Election Average GOP Poll Lead GOP Election Margin Absolute Error
1944 -14.0 -7.5 6.5
1948 -3.8 -4.5 0.7
1956 +22.0 +15.4 6.6
1960 +3.0 -0.2 3.2
1964 -50.3 -22.6 27.7
1980 -15.5 +9.7 25.2
1984 +7.2 +18.2 11.0
1988 +18.0 +7.7 10.3
1992 +21.0 -5.6 26.1
1996 -13.0 -8.5 4.5
2000 +11.9 -0.5 12.4
2004 +8.7 +2.5 6.2
2008 -0.3 -7.3 6.9
2012 -2.8 -3.9 1.0
Average 10.6

No odd-year November-December polling was available for the 1952, 1968, 1972 and 1976 elections.

Source: Roper Center for Public Opinion Research

In other words, at this stage in the cycle, primary polls can be useful but are by no means infallible, while general-election polls can safely be ignored. That may seem frustrating, but just remember that pollsters aren’t trying to make predictions; they’re simply trying to capture an accurate snapshot of public opinion at a given moment in time.

What to keep in mind generally

There are some guidelines you should remember at any time of the year, however. First, some pollsters are more accurate than others. We consider the gold standard of polling methodology to be pollsters that use live people (as opposed to robocalls) to conduct interviews over the phone, that call cell phones as well as landlines and that participate in the American Association for Public Opinion Research’s Transparency Initiative or the Roper Center for Public Opinion Research archive. That said, the polling industry is changing; there are some good online pollsters too. You can use FiveThirtyEight’s Pollster Ratings to check what methodology each pollster uses and how good its track record has been. (And if a pollster doesn’t show up in our Pollster Ratings, that might be a red flag.)

Another reason to pay attention to the pollster is for comparison purposes. Because pollsters sometimes have consistent house effects (their polls overestimate the same party over and over), it can be tricky to compare results from different pollsters. (For this reason, FiveThirtyEight’s models adjust polls to account for house effects.) When looking for trends in the data over time, it’s better to compare a poll to previous surveys done by that same pollster. Otherwise, what looks like a rise or fall in the numbers could just be the result of a different methodological decision or, especially for non-horse-race questions, the way the question is worded. The order in which questions are asked can matter too; for example, asking a bunch of questions about health care and then asking for whom respondents would vote might bias them to pick the candidate they think is best on health care.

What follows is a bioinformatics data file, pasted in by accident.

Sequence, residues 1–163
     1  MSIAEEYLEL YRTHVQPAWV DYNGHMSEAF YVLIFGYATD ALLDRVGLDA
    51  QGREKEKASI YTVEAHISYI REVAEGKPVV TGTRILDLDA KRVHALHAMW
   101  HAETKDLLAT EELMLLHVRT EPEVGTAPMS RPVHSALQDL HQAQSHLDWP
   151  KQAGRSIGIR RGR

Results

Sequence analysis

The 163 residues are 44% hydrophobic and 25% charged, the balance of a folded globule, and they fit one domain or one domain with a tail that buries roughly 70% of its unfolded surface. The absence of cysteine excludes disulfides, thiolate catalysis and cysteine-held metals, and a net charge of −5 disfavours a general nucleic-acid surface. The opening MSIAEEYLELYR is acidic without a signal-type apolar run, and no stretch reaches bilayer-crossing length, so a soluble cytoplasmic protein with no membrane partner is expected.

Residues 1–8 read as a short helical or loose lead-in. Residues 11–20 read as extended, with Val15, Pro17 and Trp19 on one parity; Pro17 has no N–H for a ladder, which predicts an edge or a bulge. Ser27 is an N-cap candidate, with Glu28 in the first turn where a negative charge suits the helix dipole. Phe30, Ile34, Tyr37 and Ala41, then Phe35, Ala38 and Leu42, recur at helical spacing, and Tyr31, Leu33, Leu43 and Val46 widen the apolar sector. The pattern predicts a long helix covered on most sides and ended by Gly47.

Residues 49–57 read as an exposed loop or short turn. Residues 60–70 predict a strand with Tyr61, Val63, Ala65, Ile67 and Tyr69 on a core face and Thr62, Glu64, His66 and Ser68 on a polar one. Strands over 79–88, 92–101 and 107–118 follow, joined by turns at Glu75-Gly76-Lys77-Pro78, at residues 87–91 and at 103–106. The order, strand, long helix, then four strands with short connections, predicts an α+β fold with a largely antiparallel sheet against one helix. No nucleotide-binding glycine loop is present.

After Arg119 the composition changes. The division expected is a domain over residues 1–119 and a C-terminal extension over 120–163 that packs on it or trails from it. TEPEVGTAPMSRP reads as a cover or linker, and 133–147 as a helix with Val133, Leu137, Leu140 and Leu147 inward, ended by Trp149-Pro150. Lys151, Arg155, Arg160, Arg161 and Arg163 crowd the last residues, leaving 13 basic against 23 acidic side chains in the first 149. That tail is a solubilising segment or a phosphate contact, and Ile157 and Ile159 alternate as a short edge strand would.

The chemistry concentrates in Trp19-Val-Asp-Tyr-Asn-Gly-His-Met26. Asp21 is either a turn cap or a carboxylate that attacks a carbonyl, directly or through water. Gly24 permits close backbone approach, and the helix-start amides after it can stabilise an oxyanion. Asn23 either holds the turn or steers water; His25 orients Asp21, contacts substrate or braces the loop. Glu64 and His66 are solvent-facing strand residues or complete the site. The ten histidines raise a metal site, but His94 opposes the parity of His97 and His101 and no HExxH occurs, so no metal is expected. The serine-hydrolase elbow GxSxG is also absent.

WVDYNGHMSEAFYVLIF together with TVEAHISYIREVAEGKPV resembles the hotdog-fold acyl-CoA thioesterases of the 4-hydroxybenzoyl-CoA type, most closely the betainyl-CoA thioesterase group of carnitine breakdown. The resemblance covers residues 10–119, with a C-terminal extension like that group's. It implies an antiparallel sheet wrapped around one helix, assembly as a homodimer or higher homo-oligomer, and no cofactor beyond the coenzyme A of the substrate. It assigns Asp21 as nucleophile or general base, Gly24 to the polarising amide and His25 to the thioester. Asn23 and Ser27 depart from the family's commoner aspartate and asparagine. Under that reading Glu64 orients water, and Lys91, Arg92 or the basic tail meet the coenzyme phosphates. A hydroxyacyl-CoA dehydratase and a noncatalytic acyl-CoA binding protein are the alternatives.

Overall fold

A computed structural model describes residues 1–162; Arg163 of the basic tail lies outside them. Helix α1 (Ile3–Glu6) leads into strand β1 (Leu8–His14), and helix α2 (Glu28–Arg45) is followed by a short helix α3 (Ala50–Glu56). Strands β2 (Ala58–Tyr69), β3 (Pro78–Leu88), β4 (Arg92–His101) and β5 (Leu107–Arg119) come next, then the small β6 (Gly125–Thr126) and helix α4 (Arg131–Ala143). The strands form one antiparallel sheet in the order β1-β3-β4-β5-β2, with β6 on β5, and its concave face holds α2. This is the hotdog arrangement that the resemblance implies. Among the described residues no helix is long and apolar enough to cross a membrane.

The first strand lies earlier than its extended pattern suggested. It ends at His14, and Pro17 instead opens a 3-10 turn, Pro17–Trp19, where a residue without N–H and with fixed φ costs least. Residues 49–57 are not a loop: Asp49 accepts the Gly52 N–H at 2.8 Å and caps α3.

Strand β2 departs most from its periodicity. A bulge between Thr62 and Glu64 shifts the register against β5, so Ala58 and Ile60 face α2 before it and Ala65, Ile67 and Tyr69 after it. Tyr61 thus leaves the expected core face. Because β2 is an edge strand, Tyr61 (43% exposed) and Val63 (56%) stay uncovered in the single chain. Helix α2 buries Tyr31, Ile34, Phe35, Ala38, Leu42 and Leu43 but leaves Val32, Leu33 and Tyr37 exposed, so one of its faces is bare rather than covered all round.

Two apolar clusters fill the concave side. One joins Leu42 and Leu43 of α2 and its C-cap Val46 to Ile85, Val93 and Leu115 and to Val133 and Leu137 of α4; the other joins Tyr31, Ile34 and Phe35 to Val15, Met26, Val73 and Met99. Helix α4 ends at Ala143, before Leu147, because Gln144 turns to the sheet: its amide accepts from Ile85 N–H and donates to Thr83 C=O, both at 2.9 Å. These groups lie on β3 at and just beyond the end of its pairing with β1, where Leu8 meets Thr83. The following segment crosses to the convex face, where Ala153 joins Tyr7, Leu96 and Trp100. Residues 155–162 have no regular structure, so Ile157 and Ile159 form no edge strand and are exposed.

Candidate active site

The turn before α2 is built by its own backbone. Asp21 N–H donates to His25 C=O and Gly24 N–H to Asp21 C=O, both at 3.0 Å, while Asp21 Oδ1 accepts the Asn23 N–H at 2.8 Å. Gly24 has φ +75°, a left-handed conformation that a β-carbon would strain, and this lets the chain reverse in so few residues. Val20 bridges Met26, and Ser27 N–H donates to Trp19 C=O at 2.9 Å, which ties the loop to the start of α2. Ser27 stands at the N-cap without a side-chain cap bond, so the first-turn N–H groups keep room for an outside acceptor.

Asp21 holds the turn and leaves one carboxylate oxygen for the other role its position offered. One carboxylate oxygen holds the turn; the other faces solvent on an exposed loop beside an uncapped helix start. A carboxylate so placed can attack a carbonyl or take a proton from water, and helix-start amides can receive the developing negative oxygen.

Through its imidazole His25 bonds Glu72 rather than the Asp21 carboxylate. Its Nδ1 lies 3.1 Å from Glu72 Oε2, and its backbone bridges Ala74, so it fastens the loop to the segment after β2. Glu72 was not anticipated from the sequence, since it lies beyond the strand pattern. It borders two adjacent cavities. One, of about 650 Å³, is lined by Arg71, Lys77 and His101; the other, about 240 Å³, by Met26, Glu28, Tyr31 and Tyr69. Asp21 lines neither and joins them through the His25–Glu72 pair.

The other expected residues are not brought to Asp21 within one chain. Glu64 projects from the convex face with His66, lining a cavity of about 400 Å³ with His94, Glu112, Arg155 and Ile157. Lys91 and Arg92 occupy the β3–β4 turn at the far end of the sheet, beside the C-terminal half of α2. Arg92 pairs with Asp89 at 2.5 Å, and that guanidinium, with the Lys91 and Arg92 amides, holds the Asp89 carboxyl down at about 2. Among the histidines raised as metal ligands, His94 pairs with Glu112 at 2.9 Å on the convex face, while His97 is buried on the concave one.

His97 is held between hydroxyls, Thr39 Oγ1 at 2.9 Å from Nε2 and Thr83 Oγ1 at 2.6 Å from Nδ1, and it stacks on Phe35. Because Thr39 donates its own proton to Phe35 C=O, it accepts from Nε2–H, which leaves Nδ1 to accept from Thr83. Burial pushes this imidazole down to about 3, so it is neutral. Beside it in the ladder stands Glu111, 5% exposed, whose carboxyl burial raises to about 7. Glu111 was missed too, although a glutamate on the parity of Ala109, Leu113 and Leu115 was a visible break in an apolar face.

In addition, note who is being polled and what the margin of error is. Polls conducted among likely voters are the best approximation of who will actually cast a ballot, although when you’re still several months away from an election, polls of registered voters are much more common, and that’s fine. For non-electoral public opinion questions, like the president’s approval rating, many polls use a sample that will try to match the demographic profile of all adults in the U.S., and that’s fine, too. As for margin of error … just remember that it exists! For example, if a poll of the 2018 Florida governor race showed former Tallahassee Mayor Andrew Gillum ahead of former Rep. Ron DeSantis 47 percent to 46 percent with a margin of error of plus or minus 4 points, you’d want to keep in mind that DeSantis may actually have been leading at the time. Remember, too, that the margin of error applies to each candidate’s polling number, not to the difference between the candidates. So if both numbers are off by the margin of error, the difference between them could be off by twice as much. In this case, that could mean Gillum dropping to 43 percent and DeSantis jumping up to 50 percent, going from a 1-point deficit to a 7-point lead.

Sample size is important too — a smaller sample means a larger margin of error — but good polling is expensive, so the best pollsters may wind up with smaller samples. And that’s OK. As long as you heed the margin of error, a poll with a sample size of, say, 300 isn’t inherently untrustworthy. That said, don’t dive too much into one poll’s crosstabs — that’s where sample sizes do get unacceptably small and margins of error get unacceptably big. This is one reason not to trust commentators who try to “unskew” a poll by tinkering with its demographic breakdown, or who say that a poll’s results among, say, black voters are unbelievable and therefore the whole poll is too. These people are usually trying to manufacture better results for their side, anyway.